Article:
Average house prices have hit a new record high of £238,831, up £15,916 over the past 12 months, says Nationwide.

It reports that annual house price growth rebounded to 7.1% in April from 5.7% in March, with prices up 2.1% month-on-month – the biggest monthly rise since February 2004.

But its research found that although the stamp duty holiday reaccelerated prices, it isn’t the biggest motivator for house buyers; of those who were either moving home or considering a move this month, three quarters said this would have been the case even if the stamp duty holiday hadn’t been extended.

Nationwide believes housing market activity is likely to remain fairly buoyant over the next six months as a result of the stamp duty extension, along with low borrowing costs and a change in housing needs following the pandemic.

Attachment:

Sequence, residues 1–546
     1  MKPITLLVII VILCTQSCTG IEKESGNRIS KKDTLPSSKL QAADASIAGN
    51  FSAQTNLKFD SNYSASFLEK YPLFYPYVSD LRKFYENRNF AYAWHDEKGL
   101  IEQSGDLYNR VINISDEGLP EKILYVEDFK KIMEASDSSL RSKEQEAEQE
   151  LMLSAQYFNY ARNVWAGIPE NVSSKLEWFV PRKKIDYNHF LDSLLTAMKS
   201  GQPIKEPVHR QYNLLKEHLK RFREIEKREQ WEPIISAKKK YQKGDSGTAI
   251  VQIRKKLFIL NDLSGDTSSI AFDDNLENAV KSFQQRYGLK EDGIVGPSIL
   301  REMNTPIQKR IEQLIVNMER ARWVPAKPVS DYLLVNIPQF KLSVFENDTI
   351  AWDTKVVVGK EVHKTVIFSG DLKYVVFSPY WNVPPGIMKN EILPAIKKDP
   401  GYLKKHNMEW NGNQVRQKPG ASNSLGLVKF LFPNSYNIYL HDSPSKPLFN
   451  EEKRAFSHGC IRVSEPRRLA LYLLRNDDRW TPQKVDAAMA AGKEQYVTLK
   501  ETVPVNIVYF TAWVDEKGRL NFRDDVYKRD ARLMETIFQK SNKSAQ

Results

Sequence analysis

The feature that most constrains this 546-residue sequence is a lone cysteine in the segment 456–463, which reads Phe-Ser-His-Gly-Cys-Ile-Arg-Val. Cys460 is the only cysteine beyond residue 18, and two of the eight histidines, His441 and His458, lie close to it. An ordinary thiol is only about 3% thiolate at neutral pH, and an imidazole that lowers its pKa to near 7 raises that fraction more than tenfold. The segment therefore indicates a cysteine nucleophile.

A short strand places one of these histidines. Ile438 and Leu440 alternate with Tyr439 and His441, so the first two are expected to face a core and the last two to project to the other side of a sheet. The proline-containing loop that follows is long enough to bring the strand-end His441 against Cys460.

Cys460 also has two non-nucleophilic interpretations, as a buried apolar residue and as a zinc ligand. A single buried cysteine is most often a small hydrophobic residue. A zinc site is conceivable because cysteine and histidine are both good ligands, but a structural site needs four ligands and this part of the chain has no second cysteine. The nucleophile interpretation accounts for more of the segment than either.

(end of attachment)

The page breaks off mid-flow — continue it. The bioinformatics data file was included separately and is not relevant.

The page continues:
Chief economist Robert Gardner (pictured, below) says that with the stock of homes on the market relatively constrained, there is scope for annual house price growth to accelerate.

He adds: “If house prices remain flat in month-on-month terms over the next two months, the annual rate of growth will reach double digits in June.”

“If unemployment rises sharply towards the end of the year as most analysts expect, activity could slow, perhaps sharply,” says Gardner.

But at the end of April, 25% of homeowners surveyed by Nationwide said they were either in the process of moving or considering a move as a result of the pandemic, only slightly below the 28% recorded in September last year.

“Given that only around 5% of the housing stock typically changes hands in a given year, it only requires a relatively small proportion of people to follow through on this to have a material impact,” he adds.

Read more about house prices.


  1. Means nothing. You will just buy what you can afford. Most ppl who work hard should be able to raise £20,000 with a partner that’s 10% on a 200k house


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